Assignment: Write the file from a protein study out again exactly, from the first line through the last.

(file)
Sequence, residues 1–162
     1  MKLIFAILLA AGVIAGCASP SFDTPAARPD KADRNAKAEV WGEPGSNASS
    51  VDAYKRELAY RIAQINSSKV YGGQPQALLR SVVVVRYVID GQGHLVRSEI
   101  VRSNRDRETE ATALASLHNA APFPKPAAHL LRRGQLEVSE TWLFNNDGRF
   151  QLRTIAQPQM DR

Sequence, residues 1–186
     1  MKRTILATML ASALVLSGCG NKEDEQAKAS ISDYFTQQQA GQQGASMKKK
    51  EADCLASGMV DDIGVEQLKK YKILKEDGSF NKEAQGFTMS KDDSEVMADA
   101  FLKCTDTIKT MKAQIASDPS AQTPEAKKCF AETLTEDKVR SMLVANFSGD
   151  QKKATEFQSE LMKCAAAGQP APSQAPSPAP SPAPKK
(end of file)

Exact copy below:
Sequence, residues 1–162
     1  MKLIFAILLA AGVIAGCASP SFDTPAARPD KADRNAKAEV WGEPGSNASS
    51  VDAYKRELAY RIAQINSSKV YGGQPQALLR SVVVVRYVID GQGHLVRSEI
   101  VRSNRDRETE ATALASLHNA APFPKPAAHL LRRGQLEVSE TWLFNNDGRF
   151  QLRTIAQPQM DR

Sequence, residues 1–186
     1  MKRTILATML ASALVLSGCG NKEDEQAKAS ISDYFTQQQA GQQGASMKKK
    51  EADCLASGMV DDIGVEQLKK YKILKEDGSF NKEAQGFTMS KDDSEVMADA
   101  FLKCTDTIKT MKAQIASDPS AQTPEAKKCF AETLTEDKVR SMLVANFSGD
   151  QKKATEFQSE LMKCAAAGQP APSQAPSPAP SPAPKK